The complaint alleges that as a result of these disclosures, the price of Alibaba ADSs plummeted further and collectively the two drops erased more than $11 billion in market capitalization from the ADSs Class Period high.


Interestingly, though the complaint makes numerous references to the company’s IPO, the complaint alleges violations only of Sections 10 and 20 of the ’34 Act. The complaint does not allege violations of Sections 11, 12, and 15 of the ’33 Act as would typically be expected in a complaint filed against a recent IPO company. Indeed, the class period that the complaint proposes does not even extend all the way back to the company’s September 19, 2014 IPO – the proposed class period commences on October 21, 2014. Although there is no way to know for sure, I am guessing that the complaint does not assert ’33 Act claims and does not propose a class period including the IPO date and immediately following period because, I suspect, the named plaintiff did not buy shares in the offering or immediately afterward, but only purchased shares on or about October 21, 2014, the beginning date of the purported class period. If that is the case, one would expect other claimants to come forward who did purchase shares in the IPO. NOTE: Several readers have suggested that even after the disclosures the company’s share price remained above the price at which the stock debuted, which would explain the absence of a ’33 Act claim.  

This new lawsuit against Alibaba is merely the latest example of a securities litigation filing trend that was apparent during 2014, largely as a result of the uptick of IPO activity in 2013 and 2014, and that has been the increase in IPO-related securities class action litigation. During 2014, there were 17 securities lawsuit filed against IPO companies, representing 10% of all filings during the year.


Given the increase in the number of IPOs during 2013 and 2014 and in light of the usual lag time between the IPO date and the date of lawsuit filings, it seems probable that there will continue to be significant numbers of filings in the months ahead involving IPO companies. Alibaba may have been the largest of the recent IPOs – indeed the largest of all time – but it only one of the over 280 companies that completed initial offering on the U.S. exchanges in 2014, following 225 companies that completed U.S. IPOs in 2013. With over 500 newly listed companies just in that two-year period, it seems likely that there will be more IPO-related securities suits to follow. The Alibaba lawsuit may be the first of a host of IPO-related lawsuits to be filed this year.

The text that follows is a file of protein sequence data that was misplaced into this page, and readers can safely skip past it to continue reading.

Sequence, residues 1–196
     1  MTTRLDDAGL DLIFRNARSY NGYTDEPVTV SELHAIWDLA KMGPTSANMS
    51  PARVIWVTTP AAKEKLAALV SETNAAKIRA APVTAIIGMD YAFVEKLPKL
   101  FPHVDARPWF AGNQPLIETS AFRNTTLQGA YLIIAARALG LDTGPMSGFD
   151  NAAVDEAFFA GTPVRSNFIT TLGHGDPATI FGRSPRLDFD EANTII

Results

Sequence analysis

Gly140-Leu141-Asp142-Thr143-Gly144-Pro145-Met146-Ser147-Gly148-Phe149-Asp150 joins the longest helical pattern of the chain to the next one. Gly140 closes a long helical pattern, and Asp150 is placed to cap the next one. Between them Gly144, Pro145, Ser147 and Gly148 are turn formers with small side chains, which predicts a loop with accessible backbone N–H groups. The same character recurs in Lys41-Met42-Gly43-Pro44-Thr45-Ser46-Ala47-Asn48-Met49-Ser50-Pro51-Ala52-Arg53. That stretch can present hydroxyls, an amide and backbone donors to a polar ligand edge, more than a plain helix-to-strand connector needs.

Alibaba’s Fee-Shifting Provisions:  The shareholder filed this lawsuit against Alibaba notwithstanding the fact that Alibaba has a fee-shifting provision in its Articles of Association. (Alibaba is organized under the laws of the Grand Caymans.) As discussed at length in a recent post on the Race to the Bottom blog (here), Alibaba’s charter has a provision requiring a shareholder who initiates a claim against the company who does not prevail in a judgment on the merits to reimburse the company for its fees and costs (including attorneys’ fees) incurred in connection with the claim. Whether or not this provision ultimately becomes relevant remains to be seen, but it would have to be expected that the company’s lawyers could attempt to rely on this provision, if, for example the defendants were to prevail on a motion to dismiss. The plaintiff and their attorneys would of course resist any such effort, and, among other things, would rely on the language of the provision that limits its effect “to the extent permitted by law” and undoubtedly would attempt to raise a number of arguments that the provisions cannot be enforced in connection with a claim under the federal securities laws. It will be interesting to see the extent to which these issues actually come into play in connection with or as a consequence of this lawsuit. NOTE: One alert reader has suggested that the term”shareholder” as used in the company’s charter provision does not include ADS holders.


Because Alibaba is organized under the laws of the Grand Caymans, the legislation pending in the Delaware legislature with respect to fee-shifting bylaws would be irrelevant, regardless of what the Delaware legislature may ultimately decide to do.